Brown, Mr. Charlie

Interviewee: Charlie Brown
Interviewer: Adam Albrite
Date of interview: March 26, 2019
Extent: 1 mp3 audio file; one mp4 video file

View index and video of interview

Charles Dillard (better known by his stage name, Mr. Charlie Brown) was born in 1949 and grew up in Westmoreland, Tenn. Brown performed as a drag queen throughout much of the South before settling in Atlanta and becoming a major figure in the city’s gay community. After over 40 years of performances, Brown still performs locally in Atlanta as of 2019.

Mr. Charlie Brown begins by discussing his childhood and early performances while living in Tennessee. Brown discusses the evolution of drag in America and its acceptance into mainstream society, as well as the role Atlanta and his partner has had on influencing his life. He describes highlights and notable moments from his career, and discusses ways in which he has given back to the gay community throughout the years.

Bryant, Linda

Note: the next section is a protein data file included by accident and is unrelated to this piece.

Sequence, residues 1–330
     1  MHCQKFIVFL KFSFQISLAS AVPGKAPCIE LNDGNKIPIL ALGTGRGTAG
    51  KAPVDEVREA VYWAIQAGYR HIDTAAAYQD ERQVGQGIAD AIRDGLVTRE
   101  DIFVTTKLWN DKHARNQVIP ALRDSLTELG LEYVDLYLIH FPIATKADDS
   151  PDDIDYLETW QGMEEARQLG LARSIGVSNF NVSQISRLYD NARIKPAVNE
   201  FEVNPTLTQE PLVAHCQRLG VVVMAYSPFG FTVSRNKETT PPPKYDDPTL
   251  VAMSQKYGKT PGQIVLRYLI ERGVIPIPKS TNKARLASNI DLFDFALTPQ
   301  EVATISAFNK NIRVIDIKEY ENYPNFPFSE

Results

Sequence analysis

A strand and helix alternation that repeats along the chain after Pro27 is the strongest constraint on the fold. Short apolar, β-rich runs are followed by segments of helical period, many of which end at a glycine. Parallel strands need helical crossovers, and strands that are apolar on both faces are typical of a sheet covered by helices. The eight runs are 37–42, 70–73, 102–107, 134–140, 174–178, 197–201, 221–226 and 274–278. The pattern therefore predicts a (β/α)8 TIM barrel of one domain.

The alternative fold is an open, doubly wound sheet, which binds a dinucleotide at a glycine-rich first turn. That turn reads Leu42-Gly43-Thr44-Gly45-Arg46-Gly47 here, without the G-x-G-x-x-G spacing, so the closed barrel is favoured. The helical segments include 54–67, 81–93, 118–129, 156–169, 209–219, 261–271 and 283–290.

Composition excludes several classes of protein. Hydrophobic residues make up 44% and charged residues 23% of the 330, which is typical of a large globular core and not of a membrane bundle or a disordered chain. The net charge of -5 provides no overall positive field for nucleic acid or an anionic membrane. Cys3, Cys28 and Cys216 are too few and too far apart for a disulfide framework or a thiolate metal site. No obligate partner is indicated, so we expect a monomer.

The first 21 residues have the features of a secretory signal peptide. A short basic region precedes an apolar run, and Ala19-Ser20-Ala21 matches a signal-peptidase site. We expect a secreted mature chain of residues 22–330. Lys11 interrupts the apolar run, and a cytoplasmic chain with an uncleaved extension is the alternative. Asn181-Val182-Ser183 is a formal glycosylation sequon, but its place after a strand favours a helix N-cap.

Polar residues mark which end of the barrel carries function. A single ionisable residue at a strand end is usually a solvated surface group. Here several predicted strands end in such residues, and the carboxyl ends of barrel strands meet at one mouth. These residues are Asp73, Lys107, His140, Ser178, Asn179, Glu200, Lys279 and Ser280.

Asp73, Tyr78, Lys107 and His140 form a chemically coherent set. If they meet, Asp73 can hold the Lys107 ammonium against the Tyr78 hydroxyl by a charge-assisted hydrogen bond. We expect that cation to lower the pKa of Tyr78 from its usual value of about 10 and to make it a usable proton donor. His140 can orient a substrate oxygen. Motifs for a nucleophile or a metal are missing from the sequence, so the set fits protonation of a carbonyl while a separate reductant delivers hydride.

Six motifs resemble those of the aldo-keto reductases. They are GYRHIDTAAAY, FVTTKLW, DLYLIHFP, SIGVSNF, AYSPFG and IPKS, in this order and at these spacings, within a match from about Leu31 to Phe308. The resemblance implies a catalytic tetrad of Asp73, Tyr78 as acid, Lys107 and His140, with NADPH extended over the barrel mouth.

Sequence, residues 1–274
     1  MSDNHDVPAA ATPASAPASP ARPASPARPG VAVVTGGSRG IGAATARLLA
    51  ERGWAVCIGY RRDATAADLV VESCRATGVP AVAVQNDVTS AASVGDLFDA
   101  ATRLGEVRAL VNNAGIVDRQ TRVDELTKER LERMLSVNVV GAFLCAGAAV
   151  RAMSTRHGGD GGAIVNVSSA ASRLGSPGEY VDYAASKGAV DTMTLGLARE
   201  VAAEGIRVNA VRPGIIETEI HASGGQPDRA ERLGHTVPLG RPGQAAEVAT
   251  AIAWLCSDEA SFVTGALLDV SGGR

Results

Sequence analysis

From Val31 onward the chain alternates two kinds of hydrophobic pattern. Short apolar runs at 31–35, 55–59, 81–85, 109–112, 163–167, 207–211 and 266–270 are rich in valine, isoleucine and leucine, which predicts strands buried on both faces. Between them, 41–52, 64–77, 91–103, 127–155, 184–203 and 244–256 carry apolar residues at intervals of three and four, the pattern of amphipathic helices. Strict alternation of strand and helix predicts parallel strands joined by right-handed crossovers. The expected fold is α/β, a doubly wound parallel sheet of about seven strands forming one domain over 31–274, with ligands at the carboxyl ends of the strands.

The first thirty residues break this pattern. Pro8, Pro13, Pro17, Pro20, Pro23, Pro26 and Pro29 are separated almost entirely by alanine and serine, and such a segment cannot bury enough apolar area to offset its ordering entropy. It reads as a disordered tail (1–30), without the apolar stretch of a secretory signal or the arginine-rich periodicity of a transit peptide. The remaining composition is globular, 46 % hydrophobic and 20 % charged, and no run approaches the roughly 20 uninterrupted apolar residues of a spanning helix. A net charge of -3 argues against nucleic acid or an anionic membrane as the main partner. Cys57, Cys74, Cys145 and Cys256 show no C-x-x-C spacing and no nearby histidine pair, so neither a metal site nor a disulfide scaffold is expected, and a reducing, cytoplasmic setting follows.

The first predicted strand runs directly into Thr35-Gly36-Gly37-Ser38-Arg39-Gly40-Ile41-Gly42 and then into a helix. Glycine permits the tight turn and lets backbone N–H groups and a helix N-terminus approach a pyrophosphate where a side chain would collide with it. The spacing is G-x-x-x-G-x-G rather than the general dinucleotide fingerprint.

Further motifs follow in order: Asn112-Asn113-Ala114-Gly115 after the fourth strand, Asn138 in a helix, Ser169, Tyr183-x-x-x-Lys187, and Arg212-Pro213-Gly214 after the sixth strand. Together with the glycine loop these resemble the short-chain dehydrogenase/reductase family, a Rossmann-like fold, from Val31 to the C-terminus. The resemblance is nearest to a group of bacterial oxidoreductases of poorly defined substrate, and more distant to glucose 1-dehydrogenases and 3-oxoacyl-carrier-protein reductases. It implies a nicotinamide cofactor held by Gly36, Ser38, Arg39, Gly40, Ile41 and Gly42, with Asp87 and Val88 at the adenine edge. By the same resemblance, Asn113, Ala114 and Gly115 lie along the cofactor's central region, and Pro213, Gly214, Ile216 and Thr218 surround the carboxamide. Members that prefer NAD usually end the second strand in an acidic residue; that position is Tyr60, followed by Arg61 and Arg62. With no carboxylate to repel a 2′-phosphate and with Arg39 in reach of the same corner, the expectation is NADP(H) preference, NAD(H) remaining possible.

Interviewee: Linda Bryant
Interviewer: Janet Paulk
Date of Interview: September 29, 2005
Extent: 1 audio cassette; 1 compact disc; 35 page transcript
Note: Bryant was originally interviewed for the Activist Women Oral History Project

Interviewer: Janet Paulk
Date of Interview: November 3, 2005
Extent: 2 audio cassettes; 2 compact discs; 63 page transcript
Note: Bryant was originally interviewed for the Activist Women Oral History Project

Excerpt: Linda Bryant talks about opening Charis bookstore.

In 1974 Linda Bryant opened Charis Books and later, in the mid 1990s, established the community organization, Charis Circle. According to Bryant, “What we are and want to be is a bookstore and a non-profit that exists to promote and honor and celebrate feminist values of mutuality, independence, and compassion.”